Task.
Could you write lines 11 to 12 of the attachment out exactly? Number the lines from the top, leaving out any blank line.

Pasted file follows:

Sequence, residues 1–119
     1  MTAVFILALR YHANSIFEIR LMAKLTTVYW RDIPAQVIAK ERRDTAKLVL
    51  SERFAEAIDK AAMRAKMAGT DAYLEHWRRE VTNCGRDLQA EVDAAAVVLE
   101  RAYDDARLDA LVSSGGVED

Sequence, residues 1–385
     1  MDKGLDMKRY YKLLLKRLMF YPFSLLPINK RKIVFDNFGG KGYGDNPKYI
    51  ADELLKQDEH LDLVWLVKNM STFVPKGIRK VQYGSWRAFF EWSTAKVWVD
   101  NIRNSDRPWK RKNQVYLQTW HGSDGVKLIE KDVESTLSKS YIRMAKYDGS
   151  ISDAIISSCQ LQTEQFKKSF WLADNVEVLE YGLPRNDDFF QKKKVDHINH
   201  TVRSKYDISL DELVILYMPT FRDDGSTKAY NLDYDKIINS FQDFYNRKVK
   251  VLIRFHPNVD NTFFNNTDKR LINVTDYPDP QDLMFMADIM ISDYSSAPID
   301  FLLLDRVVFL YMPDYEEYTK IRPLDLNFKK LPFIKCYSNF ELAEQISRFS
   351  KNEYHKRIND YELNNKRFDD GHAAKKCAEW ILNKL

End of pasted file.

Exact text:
   251  VLIRFHPNVD NTFFNNTDKR LINVTDYPDP QDLMFMADIM ISDYSSAPID
   301  FLLLDRVVFL YMPDYEEYTK IRPLDLNFKK LPFIKCYSNF ELAEQISRFS